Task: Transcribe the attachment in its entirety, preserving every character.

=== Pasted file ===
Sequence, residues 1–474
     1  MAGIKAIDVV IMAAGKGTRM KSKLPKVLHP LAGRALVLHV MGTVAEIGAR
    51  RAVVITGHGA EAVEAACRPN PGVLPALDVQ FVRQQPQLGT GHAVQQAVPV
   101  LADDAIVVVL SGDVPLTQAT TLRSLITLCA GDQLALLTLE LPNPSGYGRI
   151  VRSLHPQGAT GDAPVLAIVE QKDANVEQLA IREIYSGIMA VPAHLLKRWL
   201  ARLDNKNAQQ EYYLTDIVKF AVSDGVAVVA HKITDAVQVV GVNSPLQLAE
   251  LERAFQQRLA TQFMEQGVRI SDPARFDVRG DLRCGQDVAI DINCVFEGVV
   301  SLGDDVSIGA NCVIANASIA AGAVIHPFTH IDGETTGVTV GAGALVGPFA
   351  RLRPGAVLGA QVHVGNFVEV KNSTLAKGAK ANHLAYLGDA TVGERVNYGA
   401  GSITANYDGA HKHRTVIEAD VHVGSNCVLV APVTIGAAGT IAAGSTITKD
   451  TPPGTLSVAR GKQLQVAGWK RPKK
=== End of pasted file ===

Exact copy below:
Sequence, residues 1–474
     1  MAGIKAIDVV IMAAGKGTRM KSKLPKVLHP LAGRALVLHV MGTVAEIGAR
    51  RAVVITGHGA EAVEAACRPN PGVLPALDVQ FVRQQPQLGT GHAVQQAVPV
   101  LADDAIVVVL SGDVPLTQAT TLRSLITLCA GDQLALLTLE LPNPSGYGRI
   151  VRSLHPQGAT GDAPVLAIVE QKDANVEQLA IREIYSGIMA VPAHLLKRWL
   201  ARLDNKNAQQ EYYLTDIVKF AVSDGVAVVA HKITDAVQVV GVNSPLQLAE
   251  LERAFQQRLA TQFMEQGVRI SDPARFDVRG DLRCGQDVAI DINCVFEGVV
   301  SLGDDVSIGA NCVIANASIA AGAVIHPFTH IDGETTGVTV GAGALVGPFA
   351  RLRPGAVLGA QVHVGNFVEV KNSTLAKGAK ANHLAYLGDA TVGERVNYGA
   401  GSITANYDGA HKHRTVIEAD VHVGSNCVLV APVTIGAAGT IAAGSTITKD
   451  TPPGTLSVAR GKQLQVAGWK RPKK